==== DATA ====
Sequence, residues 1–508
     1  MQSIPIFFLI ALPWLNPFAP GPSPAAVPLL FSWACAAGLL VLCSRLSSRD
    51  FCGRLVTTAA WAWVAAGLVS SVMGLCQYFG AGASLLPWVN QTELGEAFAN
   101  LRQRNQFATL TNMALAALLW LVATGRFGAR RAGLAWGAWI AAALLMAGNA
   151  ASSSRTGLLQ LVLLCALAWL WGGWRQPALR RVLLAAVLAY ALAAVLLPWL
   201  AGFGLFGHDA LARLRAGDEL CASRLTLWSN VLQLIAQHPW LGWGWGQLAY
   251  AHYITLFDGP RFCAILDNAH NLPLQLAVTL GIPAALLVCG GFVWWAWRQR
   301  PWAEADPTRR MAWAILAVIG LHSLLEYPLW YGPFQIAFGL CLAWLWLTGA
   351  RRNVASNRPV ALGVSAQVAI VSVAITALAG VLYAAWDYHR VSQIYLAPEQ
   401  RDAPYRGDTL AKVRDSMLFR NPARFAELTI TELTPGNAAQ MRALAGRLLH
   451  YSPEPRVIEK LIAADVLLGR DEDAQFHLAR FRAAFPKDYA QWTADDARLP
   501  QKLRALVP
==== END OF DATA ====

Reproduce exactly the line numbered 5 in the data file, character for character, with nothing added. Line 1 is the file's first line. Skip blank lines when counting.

   151  ASSSRTGLLQ LVLLCALAWL WGGWRQPALR RVLLAAVLAY ALAAVLLPWL